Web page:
What is Great Company Culture (And Why Do You Need It)?


HR Insights for ProfessionalsThe latest thought leadership for HR pros

Wednesday, January 10, 2018

Companies that invest in developing and nurturing their culture, benefit in many different ways.

Article 4 Minutes
What is Great Company Culture (And Why Do You Need

From increased productivity to cost savings associated with lower employee turnover, developing a great company culture is a large priority for many businesses across all industries.

Although company culture is a concept that’s been around for a while, the rise of Silicon Valley has placed more emphasis on the importance of company culture in a successful business.

What is company culture?

A company’s culture is unique in the sense that it is specific to the company and cannot be copied. Culture involves much more than the kind of people that work for a business, it is about how companies do things, having defined visions, values and behaviors and the sharing of beliefs.

The Virgin brand is renowned for breaking the mould when it comes to culture and is often aspired to. How did they achieve this? CEO Richard Branson describes his approach quite simply:

“There is no magic formula for great company culture. The key is just to treat your staff how you would like to be treated.”

Why do we need a great company culture?

According to Deloitte, 86% of respondents to their 2016 Global Human Capital Trends survey rated corporate culture as ‘important’ or ‘very important’ to business success. So there is clearly a large majority of businesses who have benefited from the value that culture adds to their overall proposition.

Companies can invest in the latest technology and develop the most efficient processes but if the culture isn’t working, you will not see the business results that you are targeting.

Mark Miller, VP of Marketing at Emergenetics International describes culture as a unique value proposition that you hold over the marketplace. So, in addition to having several internal benefits, culture can be a highly effective external marketing tool.

In terms of the internal benefits, having employees that enjoy working within a company culture will influence how long they stay working for that company. Developing a good company culture will therefore increase employee retention, and therefore more likely to keep hold of their talent.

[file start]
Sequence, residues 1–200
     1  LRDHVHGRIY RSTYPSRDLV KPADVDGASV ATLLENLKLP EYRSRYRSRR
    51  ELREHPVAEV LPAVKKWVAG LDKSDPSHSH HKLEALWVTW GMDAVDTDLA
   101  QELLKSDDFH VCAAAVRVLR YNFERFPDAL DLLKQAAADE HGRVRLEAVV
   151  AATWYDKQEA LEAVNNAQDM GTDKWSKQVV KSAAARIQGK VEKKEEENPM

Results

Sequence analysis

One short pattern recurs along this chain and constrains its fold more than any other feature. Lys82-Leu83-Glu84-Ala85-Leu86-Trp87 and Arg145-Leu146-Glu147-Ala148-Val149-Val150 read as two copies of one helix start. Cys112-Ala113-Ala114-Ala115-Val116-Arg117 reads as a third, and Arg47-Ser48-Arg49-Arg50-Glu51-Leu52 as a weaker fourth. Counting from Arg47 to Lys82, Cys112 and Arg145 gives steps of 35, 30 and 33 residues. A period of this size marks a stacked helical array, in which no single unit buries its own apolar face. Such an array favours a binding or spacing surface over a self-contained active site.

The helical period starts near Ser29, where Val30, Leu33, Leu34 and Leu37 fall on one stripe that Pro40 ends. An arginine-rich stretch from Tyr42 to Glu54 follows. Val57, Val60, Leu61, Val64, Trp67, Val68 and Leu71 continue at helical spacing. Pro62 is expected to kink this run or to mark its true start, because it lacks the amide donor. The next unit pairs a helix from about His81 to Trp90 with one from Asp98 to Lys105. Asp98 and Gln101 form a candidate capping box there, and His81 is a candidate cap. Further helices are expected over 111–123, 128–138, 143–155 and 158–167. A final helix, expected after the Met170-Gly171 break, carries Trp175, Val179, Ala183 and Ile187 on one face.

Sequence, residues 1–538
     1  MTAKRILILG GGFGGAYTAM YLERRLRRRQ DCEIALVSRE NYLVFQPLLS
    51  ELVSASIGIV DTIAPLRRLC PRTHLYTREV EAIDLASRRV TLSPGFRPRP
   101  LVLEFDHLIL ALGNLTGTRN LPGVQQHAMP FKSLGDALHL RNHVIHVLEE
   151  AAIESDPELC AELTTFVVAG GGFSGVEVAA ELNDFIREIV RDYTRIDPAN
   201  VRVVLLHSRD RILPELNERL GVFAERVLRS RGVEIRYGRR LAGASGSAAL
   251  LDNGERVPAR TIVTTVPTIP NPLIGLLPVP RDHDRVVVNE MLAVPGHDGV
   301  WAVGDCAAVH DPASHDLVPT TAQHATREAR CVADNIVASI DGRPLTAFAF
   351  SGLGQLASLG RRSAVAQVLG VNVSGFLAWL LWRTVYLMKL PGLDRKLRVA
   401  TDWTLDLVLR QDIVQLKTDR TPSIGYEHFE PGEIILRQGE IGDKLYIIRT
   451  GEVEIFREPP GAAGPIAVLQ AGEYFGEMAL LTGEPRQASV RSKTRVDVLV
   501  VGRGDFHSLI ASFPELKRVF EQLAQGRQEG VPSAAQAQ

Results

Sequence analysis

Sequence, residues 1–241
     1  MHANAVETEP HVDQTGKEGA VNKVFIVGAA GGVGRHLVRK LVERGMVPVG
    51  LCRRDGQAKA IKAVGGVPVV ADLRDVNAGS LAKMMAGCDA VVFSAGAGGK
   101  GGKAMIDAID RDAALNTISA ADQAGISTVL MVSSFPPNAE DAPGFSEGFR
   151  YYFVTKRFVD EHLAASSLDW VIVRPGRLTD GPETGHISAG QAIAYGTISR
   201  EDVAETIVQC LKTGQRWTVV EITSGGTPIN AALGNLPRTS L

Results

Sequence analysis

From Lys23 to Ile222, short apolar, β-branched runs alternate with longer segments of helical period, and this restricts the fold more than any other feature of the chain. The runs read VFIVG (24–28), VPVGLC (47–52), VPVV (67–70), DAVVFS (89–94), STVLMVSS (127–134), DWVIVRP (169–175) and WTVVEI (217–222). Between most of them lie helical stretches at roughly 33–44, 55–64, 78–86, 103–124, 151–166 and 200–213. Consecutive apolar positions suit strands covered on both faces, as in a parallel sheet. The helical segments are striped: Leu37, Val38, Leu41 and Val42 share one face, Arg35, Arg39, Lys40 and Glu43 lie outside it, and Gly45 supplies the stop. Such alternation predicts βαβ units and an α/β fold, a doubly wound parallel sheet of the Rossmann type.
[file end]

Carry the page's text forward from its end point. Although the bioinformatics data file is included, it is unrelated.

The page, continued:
For similar reasons, the company should also be able to attract a higher caliber of job applicants, as more people will be keen to work for a business with a good culture.

How do you change a culture within a company?

Changing the culture within an organization is no easy task. A good starting point would be to evaluate the existing culture. There are many metrics that contribute towards this evaluation but Sarah Landrum of Business.com suggests that adaptability (to change), personal wellness, comfort level of the working environment and feeling recognized/supported are the key areas to focus on.

Culture is often discussed synonymously with engagement, however if you focus purely on improving engagement, you can miss out on some of the key drivers of establishing a great culture. Many HR professionals have made the mistake of thinking that employee incentive schemes are the main ingredients of a strong company culture. Mission and value alignment and employee accountability are other factors that define a culture and would not necessarily be considered a key aspect of employee engagement.

In an article published by Forbes, author Erika Anderson shared five steps to change company culture:

  1. Start on the same page (agreeing on a common definition for culture)
  2. Define the core values
  3. Add clarification to the values (how the values look in real examples by adding behaviors to each one)
  4. Review the behaviors (to prioritize and make them simpler)
  5. Implement across the organization (through communication and integration plans)

How do you integrate the culture change?

A good way to help with the integration of company culture into the organization is to involve employees along each step of the journey. So you may want to take suggestions for values, or put different options to the vote. When defining the behaviors, ask people in different roles to identify how they interpret the behaviors and how they would apply them in their everyday tasks. This level of involvement will help employees feel a part of the shaping of the culture, rather than feeling that they are being told how to behave.

The success of any type of change within a business is defined by communication and engagement with employees. Choosing the most effective communication tools and understanding what works best for the existing culture will determine the success of the culture change.

CIPD offers guidance on developing an effective change communications strategy. They outline the key principles as being:

  • Built on a shared sense of purpose and aligned to business strategy
  • Supported by senior leadership
  • Driven by genuine dialogue
  • Requires good people management
  • Draws on a range of digital channels and tools
  • Is reviewed and measured for its effectiveness

If your company has the framework that will enable all of those principles then you are in a good position to implement culture change and start to gain the many business benefits.

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